In the latest Weekly Wright Report:
- New COVID Compliance for Government Contractors – read now
- USCIS to Require COVID Vaccines for Immigration Medical Examinations – read now
New COVID Compliance for Government Contractors
As everyone has probably heard by now, President Biden announced new Federal COVID vaccination requirements which will become effective October 15, 2021 imposed on contractors and subcontractors operating in the federal space. This is in addition to requiring vaccination for members of the Federal workforce, health care workers who work at institutions receiving Medicare and Medicaid funding, and the vaccination or weekly testing for large (100+) private sector employers.
The full scope of the new contractor obligations will not be decided until regulations are released in the coming weeks, however, contractors should be preparing now for how to handle their workforces. It is anticipated that these new mandates may mirror the current requirements in place for federal contractors who work onsite at federal workplaces, i.e., vaccination or subject to regular COVID-19 testing. The anticipated guidance may also address other measures related to masking, distancing and contact tracing. The Executive Order expressly provides that it does not supersede compliance with more stringent workplace safety requirements established under state or local laws.
The new requirements will apply to “contract or contract-like instruments.” This includes contracts, lease agreements, cooperative agreements, service agreements, licenses, any services covered by the Service Contract Act, and the provision of concessions. It will not apply to grants, contracts or subcontracts below the simplified acquisition threshold (currently $250,000), employees who work outside the United States and subcontracts solely for the provision of products.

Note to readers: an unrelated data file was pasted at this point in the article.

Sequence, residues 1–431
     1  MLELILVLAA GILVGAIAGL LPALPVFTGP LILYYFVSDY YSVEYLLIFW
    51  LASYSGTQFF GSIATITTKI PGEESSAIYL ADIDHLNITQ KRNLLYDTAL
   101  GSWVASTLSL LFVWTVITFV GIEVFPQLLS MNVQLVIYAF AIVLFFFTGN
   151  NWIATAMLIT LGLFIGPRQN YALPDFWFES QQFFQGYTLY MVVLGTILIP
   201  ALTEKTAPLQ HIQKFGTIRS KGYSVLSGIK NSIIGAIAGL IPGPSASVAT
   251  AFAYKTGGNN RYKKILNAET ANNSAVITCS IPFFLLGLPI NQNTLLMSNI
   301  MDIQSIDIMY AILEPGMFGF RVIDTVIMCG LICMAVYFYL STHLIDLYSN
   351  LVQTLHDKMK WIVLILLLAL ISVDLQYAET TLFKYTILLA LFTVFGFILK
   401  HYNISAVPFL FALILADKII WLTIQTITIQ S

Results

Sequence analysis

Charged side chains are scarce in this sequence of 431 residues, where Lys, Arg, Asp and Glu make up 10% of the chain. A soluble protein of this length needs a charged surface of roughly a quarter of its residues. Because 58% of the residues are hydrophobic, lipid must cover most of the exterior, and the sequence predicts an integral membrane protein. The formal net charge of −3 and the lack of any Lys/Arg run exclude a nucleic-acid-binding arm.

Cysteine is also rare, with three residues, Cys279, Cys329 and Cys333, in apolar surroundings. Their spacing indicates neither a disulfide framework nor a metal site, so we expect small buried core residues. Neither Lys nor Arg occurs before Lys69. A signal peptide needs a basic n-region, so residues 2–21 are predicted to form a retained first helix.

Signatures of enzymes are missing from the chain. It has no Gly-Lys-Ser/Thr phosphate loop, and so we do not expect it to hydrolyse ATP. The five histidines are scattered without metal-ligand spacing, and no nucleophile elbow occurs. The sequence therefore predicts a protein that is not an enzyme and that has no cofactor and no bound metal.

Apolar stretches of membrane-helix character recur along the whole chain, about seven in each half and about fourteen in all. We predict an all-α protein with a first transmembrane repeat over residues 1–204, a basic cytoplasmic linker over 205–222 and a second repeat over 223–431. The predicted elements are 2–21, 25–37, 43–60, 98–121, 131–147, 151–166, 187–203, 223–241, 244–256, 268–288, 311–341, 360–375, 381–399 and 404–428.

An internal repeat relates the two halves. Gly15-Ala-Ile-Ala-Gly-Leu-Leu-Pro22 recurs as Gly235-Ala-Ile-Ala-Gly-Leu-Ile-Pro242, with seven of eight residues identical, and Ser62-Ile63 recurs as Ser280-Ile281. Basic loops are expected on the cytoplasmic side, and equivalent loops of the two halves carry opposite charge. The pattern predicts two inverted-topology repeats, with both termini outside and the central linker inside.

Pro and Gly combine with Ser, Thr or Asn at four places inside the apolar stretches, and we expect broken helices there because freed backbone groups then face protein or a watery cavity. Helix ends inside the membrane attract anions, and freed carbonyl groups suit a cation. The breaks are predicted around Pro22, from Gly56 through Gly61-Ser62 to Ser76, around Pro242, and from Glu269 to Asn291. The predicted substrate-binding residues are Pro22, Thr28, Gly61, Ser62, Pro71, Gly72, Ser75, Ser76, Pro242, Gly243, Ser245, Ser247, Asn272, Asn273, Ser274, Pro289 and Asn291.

Although the Executive Order is silent on penalties and remedies for noncompliance, given this is a change to existing contracts, it is also expected that if there are any costs or cost impacts associated with implementing these protocols, they may be recoverable under the contract “changes” clause. This may include costs for testing, safety measures, staffing impacts, contact tracing, and possibly shut downs. Once the guidance is released, we hope to have better insight into what measures may be recoverable.
Specifics of the Executive Order’s scope and requirements are uncertain until the Task Force Guidance issues its recommendations. Proactive contractors should begin to consider taking steps now to implement policies which reinforce vaccination suggestions to minimize a sudden impact over the next few months. This will include communicating with employees, surveying vaccination status and focusing on accommodations necessary under the law where applicable.
If you have questions about implementing a plan with your workforce, feel free to reach out to our Government Contracts Group or Employment and Labor Law Group.
Immigration News Alert: As of 10/1/21, USCIS will require COVID-19 vaccinations
U.S. Citizenship and Immigration Services (USCIS) announced yesterday that, as of October 1, 2021, applicants for immigrant visas or adjustment of status must be fully vaccinated against COVID-19 before the USCIS physician can complete the immigration medical exam and thus provide a signed Form I-693. This is in conjunction with the CDC’s Technical Instructions with Civil Surgeons. Applicants are advised to take proof of their COVID vaccinations, as well as other required vaccinations with them to the medical examination. The USCIS may grant waivers as appropriate. The full list of vaccinations required can be found at https://www.uscis.gov/tools/designated-civil-surgeons/vaccination-requirements.
Our Immigration Law Group can be contacted with questions regarding change in status inquiries.
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